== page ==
Over the past 20 plus years, Big Cat Rescue has rescued over 200 exotic cats of more than 16 species. If you look at the cat’s signs you will see their date of birth and wild cats age similarly to domestic cats, which is about 1 human year being the same to the cat as 6 years.
In the wild and at zoos exotic cats usually only live to the age of 10 or 12 but here at Big Cat Rescue the cats frequently live into their late teens and early twenties. Some of the oldest recorded cats in history have lived out their lives here. Scratch the cougar lived to almost 30. Flavio the tiger live to be 25. Several of our cats are over the age of 20 now, which would be like being more than 100 years old if they were humans.
We attribute their longevity to several factors:
Big Cat Rescue is a peaceful place to live where the cats get excellent food, daily cage cleaning and a unique approach to their health care. At better zoos they will often sedate the animals annually to check their health, which seems like a good thing, but the chemicals build up in the animals’ system and in time they will die from renal failure.
At Big Cat Rescue we do something called Operant Conditioning, or you might have heard of it as, “clicker training.” That is where we give the cat a reward if they do what we ask and make a clicking sound to let the cat know that they got it right. We never use punishment, and we never withhold food and if the cat doesn’t want to do it that day we just move on to the next cat.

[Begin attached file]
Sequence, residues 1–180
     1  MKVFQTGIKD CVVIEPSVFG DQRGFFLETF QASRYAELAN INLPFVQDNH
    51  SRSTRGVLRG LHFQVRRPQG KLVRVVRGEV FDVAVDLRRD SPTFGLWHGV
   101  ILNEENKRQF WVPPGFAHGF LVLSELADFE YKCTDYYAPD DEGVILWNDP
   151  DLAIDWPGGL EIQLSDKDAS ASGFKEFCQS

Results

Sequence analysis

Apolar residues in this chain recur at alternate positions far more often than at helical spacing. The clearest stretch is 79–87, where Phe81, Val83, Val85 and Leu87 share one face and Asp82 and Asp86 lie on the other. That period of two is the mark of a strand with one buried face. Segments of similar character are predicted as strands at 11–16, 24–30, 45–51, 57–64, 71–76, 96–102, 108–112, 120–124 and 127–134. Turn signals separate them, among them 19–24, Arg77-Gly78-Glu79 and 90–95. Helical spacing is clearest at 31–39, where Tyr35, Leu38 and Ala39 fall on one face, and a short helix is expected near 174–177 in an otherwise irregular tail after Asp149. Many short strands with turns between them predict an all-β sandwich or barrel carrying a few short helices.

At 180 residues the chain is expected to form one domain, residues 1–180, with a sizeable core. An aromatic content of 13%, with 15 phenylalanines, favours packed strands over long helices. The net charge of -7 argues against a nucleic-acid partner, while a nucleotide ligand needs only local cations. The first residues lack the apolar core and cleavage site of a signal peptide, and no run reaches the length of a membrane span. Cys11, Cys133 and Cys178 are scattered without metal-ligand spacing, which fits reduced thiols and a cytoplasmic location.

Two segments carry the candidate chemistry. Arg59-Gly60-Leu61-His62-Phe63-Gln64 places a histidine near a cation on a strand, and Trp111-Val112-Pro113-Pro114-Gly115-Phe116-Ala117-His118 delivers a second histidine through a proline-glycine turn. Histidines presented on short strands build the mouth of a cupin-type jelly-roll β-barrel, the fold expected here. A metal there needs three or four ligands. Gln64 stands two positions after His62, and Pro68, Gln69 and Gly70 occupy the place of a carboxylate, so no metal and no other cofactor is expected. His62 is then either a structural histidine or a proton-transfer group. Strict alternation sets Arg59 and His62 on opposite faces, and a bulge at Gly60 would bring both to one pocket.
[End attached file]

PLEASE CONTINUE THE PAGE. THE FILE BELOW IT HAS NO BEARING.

Most performers will tell the public that they only use positive reinforcement to train their cats, but if the “show must go on” then you know that’s a lie. Cats do what they want and can only be made to perform consistently, on cue, through abusive tactics.
Our cats get to choose if and when they want to participate in training, and most really enjoy it. We only train the cats to do things we need for dealing with their medical issues, like showing us their paws, opening their mouths, laying still for shots, etc. That way we are able to provide most of their health care without sedating them.
Most of our cats are elderly and are on supplements for their joints and get daily pain management. We look to the cats to tell us when they have had enough of this life. If they stop eating we do have to sedate them for lab work, x-rays and sonograms to determine if there is anything we can do. Most of the time their ailments can be treated but when they get to be extremely old and stop eating that is their final signal to us that they are ready to go and we will euthanize them so that they do not suffer.
We then do a necropsy, which is like an autopsy, to see if there is anything that can be learned from the cat and we share those tissue samples and results with Universities and the veterinary community. The bodies are then cremated and their ashes are laid to rest inside the concrete memorial walls. Each cat is then memorialized in a marble plaque so that their lives are never forgotten.
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